March 9 was five-year mark in the recovery
By Mark Keating
March 9, 2014 marked the five year anniversary of the U.S. stock market recovery from the 2008 financial crisis and global market meltdown. As with all stock market recoveries, the last five years were full of predictions and expectations by many market “experts” who continually challenged this stock market recovery.
It seems that daily, we are inundated with media pundits, Wall Street watchers and financial gurus who bask in their 15 minutes in the spotlight as they attempt to predict the next market move.
Interestingly, a popular blog published by the Business Insider has been tracking the predictions and commentary of today’s most popular financial “experts” and they concluded that the average market prediction offered by experts is only 47.4 percent accurate. Flip a coin and your odds for predicting the market are better!
It’s hard to imagine that the average market “expert” isn’t able to match the track record of a coin flip, but research has proven the failure of active management and market forecasting time-and-time again.
Let’s take a look at some of the most well known market forecasts and predictions. Here are several notorious stock market calls that occurred during this current market rally:
– March 2009: Nouriel Roubini, made famous by predicting the 2008 financial crisis, predicts new lows in the next 18 months. Actual: The S&P 500 returned an astonishing 47.6 percent.
– December 2009: Former PIMCO CEO Mohamed El Erian says stocks will tank within one month. Actual: Stocks did decline a modest 1.7 percent the month of December, but followed by a 15 percent return for the year ending 2010.
– July 2010: Robert Prechter, author of several books on technical analysis and market forecasting, says traders should short the S&P 500. Actual: Stocks returned 30.7 percent for the following year.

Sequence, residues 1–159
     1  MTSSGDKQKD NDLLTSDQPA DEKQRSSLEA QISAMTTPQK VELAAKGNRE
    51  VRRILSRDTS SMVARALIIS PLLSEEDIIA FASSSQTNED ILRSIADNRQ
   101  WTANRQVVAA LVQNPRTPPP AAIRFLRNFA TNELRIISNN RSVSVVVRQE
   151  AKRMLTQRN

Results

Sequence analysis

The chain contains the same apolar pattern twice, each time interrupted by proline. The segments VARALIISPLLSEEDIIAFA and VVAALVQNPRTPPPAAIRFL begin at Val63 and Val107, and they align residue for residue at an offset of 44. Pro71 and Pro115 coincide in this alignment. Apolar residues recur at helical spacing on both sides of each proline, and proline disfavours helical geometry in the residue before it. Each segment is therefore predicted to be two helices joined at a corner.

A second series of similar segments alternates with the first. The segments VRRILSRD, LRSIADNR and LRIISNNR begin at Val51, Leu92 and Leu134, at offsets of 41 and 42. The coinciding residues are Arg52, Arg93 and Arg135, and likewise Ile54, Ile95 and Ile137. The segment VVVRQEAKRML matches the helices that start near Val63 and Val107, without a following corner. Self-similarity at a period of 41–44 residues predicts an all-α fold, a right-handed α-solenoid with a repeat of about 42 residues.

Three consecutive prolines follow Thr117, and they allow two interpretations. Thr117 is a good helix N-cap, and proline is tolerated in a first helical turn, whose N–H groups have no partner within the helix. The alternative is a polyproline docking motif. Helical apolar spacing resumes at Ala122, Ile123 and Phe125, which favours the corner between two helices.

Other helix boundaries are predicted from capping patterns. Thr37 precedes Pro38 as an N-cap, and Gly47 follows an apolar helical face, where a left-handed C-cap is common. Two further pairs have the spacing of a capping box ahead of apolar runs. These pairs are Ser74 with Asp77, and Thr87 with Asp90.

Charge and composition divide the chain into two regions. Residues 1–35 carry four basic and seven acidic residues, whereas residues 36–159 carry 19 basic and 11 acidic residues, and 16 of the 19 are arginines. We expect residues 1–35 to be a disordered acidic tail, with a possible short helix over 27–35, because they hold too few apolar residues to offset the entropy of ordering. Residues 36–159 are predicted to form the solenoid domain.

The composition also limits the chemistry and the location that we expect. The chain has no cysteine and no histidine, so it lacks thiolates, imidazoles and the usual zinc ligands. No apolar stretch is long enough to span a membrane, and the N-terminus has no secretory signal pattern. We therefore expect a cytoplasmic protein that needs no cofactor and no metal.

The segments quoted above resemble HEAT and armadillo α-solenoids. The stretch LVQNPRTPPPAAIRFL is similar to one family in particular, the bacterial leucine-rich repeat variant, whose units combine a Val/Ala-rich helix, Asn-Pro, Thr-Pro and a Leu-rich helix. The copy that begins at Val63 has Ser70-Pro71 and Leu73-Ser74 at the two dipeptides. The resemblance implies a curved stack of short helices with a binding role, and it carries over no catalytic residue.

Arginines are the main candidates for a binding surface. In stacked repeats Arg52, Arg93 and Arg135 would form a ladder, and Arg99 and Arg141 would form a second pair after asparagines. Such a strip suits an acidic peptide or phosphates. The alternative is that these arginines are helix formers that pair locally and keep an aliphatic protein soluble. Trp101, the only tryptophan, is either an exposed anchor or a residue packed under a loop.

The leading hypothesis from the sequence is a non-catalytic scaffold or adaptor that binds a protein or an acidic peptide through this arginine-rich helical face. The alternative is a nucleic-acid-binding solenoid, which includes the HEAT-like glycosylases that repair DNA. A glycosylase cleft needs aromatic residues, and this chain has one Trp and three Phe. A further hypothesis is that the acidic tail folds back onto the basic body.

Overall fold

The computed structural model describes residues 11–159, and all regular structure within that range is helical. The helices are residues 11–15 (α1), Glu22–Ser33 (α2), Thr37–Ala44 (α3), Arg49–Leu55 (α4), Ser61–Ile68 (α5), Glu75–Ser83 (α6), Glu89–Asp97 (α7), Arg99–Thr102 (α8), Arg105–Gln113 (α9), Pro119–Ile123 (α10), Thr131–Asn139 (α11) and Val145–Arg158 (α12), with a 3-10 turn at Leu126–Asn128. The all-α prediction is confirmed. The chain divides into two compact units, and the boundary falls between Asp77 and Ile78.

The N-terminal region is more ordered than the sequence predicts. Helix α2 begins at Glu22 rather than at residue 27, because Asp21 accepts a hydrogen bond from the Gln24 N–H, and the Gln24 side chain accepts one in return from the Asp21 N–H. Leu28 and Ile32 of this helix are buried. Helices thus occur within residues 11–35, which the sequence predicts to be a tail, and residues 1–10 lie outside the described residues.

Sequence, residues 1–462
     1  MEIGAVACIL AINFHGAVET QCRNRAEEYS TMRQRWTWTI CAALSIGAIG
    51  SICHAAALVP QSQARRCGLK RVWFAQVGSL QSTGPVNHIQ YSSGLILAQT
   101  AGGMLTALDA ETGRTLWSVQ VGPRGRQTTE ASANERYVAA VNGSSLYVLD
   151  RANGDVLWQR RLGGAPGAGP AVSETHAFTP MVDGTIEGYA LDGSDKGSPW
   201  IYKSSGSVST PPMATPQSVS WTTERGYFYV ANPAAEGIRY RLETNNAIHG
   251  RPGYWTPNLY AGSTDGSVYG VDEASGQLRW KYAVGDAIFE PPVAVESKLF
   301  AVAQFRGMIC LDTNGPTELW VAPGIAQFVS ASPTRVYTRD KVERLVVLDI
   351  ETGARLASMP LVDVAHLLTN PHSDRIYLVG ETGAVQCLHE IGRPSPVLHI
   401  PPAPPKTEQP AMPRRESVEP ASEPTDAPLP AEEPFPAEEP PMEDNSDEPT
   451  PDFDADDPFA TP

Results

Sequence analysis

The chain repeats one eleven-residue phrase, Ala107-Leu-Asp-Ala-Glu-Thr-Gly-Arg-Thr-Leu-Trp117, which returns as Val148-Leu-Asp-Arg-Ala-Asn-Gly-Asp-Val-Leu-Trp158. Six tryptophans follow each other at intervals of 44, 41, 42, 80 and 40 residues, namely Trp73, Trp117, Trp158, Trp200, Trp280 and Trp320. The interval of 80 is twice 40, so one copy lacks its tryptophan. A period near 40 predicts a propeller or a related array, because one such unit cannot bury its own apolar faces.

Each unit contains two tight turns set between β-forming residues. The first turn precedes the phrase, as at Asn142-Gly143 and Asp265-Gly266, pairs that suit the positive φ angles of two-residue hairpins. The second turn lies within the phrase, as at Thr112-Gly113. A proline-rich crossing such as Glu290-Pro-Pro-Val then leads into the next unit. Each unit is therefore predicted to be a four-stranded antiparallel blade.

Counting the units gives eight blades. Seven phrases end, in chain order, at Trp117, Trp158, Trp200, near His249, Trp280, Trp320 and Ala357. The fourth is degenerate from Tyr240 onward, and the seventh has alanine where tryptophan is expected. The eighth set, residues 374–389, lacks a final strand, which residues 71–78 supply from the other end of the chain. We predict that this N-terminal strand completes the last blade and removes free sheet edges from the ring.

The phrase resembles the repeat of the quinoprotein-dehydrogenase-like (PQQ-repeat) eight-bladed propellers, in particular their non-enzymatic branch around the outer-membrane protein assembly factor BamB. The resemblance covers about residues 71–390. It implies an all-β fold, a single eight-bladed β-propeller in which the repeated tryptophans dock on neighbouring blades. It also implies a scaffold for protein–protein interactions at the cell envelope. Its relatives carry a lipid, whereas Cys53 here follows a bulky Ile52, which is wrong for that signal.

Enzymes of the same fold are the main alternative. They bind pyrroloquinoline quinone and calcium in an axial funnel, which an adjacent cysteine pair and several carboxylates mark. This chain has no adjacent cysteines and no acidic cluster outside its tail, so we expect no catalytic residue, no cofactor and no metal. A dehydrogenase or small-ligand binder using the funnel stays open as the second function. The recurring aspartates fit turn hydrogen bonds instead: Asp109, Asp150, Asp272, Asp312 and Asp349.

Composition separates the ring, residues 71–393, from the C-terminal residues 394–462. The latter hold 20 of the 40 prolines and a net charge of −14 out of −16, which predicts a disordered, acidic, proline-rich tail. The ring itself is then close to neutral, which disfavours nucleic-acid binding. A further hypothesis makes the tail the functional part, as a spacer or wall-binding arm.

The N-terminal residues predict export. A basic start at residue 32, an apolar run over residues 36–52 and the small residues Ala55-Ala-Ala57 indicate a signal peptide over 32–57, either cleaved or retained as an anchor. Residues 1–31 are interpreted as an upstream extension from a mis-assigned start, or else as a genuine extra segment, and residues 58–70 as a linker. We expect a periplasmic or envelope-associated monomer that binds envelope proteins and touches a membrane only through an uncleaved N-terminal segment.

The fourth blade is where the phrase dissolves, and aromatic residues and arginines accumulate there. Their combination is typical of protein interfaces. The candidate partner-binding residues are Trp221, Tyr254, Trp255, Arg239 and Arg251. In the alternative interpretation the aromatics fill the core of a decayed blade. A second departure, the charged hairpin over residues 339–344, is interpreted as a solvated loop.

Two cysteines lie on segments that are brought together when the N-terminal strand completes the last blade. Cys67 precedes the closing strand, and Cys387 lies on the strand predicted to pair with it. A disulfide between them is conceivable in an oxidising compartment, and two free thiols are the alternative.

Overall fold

– October 2010: John Hussman, principal owner of Hussman Mutual Funds, says the market is “overvalued, overbought, overbullish.” Actual: The following 3 months produced a return of more than 10 percent.
– August 2011: John Mauldin, author and chairman of Mauldin Economics, commits to his recession call, saying stocks could fall 40 percent over the next 12 months. Actual: Stocks returned 9.1 percent over the following year.
– October 2011: John Hussman calls a recession and says the European mess has only gotten started. Actual: Never did get that recession and the U.S. stock market returned more than 30 percent the following year.
– December 2011: UBS’s Chief Strategist Jonathan Golub says he would not be an equity buyer. Actual: A “non-equity” buyer would have missed out on a 16 percent return over the following 12 month period.
– October 2012: Former manager of the Prudent Bear Mutual Fund, David Tice, warns that the market is like 2008 right before the crash. Actual: It may still come, but U.S. Large Stocks are up more than 27 percent and U.S. Small Stocks are up more than 43 percent since his prediction.
We have experienced some bumps and bruises along the way (including a brief but significant stock market downturn in the summer of 2011. Remember the U.S. debt downgrade?) but in all reality, we are continuing to experience a strong and sustained stock market recovery. We don’t know, nor can anyone predict with any consistency, when the current bull market will end. But we do know it would have been costly for investors who may have acted on previous market “predictions” and abandoned their investments in stocks. Continuing to maintain a low-cost, diversified portfolio, that includes a disciplined trading strategy and takes advantage of market volatility, remains the key to long-term investing success.
Mark Keating, CFP, AEP, is a Certified Financial Planner and an Accredited Estate Planner with Willow Creek Wealth Management, Inc., Sebastopol, one of the leading wealth management firms in California. For more information go to www.willowcreekwealth.com or call 707/829-1146. Wealth Matters is a monthly column from the firm’s partners.
Copyright © 1988–2015 North Bay Business Journal
View the policy for linking to website content.